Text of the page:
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5 key takeaways from Malaysia’s 2022 budget

5 key takeaways from Malaysia’s 2022 budget

In this photo released by Malaysia's Department of Information, Malaysia's Finance Minister Zafrul Aziz, second from right, delivers the 2022 budget speech at parliament in Kuala Lumpur, Malaysia, Friday, Oct. 29, 2021. (Famer Roheni/Malaysia Department of Information via AP)

KUALA LUMPUR: Malaysia’s Finance Minister Tengku Zafrul Tengku Abdul Aziz tabled the national budget for 2022 on Friday (Oct 29), a budget he described as the country’s largest ever.

The government plans to spend RM332.1 billion (US$80.06 billion) in 2022 and expects an economic growth of between 5.5 per cent and 6.5 per cent, as the economy recovers from the prolonged effects of the COVID-19 pandemic. 

The 2022 budget is the first under Prime Minister Ismail Sabri Yaakob’s administration after his appointment in August.

Malaysia's Prime Minister Ismail Sabri Yaakob (right) and Finance Minister Tengku Zafrul Tengku Abdul Aziz. (Photo: Bernama)

In his speech in the Lower House on Friday afternoon, Mr Tengku Zafrul stressed that the focus of the budget is on the rehabilitation of each socio-economic segment in the country. 

“Efforts to build resilience are also being done to strengthen the capacity of businesses and the health system to meet the challenges ahead,” he said.

Here are five key takeaways from Malaysia’s 2022 budget: 

1. What’s in it for households, firms hit hard economically by COVID-19?

Households are set to benefit from a new cash aid scheme - Malaysian Family Assistance. Under the scheme, RM8.2 billion will be allocated to households, benefitting more than 9.6 million recipients, said Mr Tengku Zafrul.  

Households with three or more children and a monthly income of less than RM2,500 will receive a one-off payment of RM2,000. 

Additionally, single parents or households earning less than RM5,000 each month will receive a one-off payment of RM500. Senior citizens will also receive RM300 each.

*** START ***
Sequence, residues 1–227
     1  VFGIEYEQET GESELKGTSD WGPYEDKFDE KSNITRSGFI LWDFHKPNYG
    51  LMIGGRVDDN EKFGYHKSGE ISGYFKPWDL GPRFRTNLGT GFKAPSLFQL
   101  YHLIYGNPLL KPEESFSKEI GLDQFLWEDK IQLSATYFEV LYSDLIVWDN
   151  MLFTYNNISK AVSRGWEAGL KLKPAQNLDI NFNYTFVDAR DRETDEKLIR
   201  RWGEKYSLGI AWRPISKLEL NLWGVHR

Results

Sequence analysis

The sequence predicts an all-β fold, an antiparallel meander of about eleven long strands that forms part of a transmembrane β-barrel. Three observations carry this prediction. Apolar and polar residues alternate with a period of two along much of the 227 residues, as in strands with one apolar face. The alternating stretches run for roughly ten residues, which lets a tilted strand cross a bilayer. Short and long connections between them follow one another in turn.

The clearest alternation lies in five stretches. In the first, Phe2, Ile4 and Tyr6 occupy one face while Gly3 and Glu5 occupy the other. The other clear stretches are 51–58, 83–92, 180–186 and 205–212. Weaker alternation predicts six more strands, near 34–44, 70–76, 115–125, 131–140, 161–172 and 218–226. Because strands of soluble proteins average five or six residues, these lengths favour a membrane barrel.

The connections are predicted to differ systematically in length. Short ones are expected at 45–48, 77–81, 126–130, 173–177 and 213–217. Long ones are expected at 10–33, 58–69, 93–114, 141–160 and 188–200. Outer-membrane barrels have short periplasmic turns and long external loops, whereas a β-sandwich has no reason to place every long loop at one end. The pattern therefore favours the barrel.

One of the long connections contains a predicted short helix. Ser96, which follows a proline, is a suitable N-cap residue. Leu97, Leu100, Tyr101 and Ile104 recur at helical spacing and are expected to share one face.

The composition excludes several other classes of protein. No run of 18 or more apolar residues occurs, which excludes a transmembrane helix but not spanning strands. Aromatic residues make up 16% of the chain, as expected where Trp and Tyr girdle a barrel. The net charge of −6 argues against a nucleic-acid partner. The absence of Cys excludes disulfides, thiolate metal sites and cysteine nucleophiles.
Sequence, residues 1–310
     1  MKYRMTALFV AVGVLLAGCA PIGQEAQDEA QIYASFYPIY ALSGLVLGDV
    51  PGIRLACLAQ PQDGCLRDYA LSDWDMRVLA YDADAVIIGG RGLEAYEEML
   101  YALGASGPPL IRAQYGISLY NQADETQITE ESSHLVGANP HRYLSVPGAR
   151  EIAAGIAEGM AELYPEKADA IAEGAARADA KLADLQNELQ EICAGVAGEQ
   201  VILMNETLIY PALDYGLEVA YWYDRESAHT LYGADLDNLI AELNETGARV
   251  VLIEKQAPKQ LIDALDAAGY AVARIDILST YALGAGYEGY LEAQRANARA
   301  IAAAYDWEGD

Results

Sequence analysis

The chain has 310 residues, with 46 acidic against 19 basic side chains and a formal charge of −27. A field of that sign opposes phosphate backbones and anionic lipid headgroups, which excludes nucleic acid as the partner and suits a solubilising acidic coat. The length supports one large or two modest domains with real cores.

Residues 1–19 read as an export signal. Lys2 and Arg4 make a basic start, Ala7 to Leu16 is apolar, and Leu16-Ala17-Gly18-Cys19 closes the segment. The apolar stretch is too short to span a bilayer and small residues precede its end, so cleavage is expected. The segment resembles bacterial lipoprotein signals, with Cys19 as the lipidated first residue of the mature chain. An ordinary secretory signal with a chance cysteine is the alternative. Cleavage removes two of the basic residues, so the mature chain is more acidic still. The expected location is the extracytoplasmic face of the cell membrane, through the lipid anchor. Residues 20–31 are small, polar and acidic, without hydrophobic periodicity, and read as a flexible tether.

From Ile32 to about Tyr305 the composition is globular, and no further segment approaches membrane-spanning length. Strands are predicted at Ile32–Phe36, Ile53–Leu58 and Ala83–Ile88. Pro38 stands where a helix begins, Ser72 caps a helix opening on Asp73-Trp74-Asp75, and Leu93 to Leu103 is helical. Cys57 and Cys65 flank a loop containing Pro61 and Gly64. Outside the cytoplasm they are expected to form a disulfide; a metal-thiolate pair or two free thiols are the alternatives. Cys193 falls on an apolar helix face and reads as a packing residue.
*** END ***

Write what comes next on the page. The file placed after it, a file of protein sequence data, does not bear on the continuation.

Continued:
Companies will also receive aid to get back on their feet.

Among others, income tax instalment payment for micro, small- and medium-size enterprises (SMEs) can be deferred for up to six months until Jun 30, 2022. 

Landlords who give rental discounts of at least 30 per cent to businesses will be granted tax relief. 

Firms are also given tax deduction of up to RM300,000 to renovate their spaces, such as to improve seating arrangement or air circulation, in order to minimise the spread of COVID-19. 

2. What additional resources will the health sector get?

The Health Ministry is set to receive RM32.4 billion, the second largest allocation behind the Education Ministry. 

Mr Tengku Zafrul outlined that RM4 billion has been allocated for COVID-19 management, of which RM2 billion is for vaccines and another RM 2 billion is to boost the capacity of public health facilities such as by purchasing test kits, personal protective equipment and medication. 

A secondary school student, receives a dose of the Pfizer vaccine against the coronavirus disease (COVID-19) at a vaccine center in Shah Alam, Malaysia, Monday, Sept. 20, 2021. (AP Photo/Vincent Thian)

He added that the government has signed agreements to obtain 88 million doses of COVID-19 vaccines, which are sufficient to immunise more than 140 per cent of the population, and enough to give third doses to all residents above the age of 12.

Mr Tengku Zafrul also announced that RM100 million will be allocated to sponsor 3,000 contract medical and dental officers to pursue specialist programmes.

3. What are the green measures?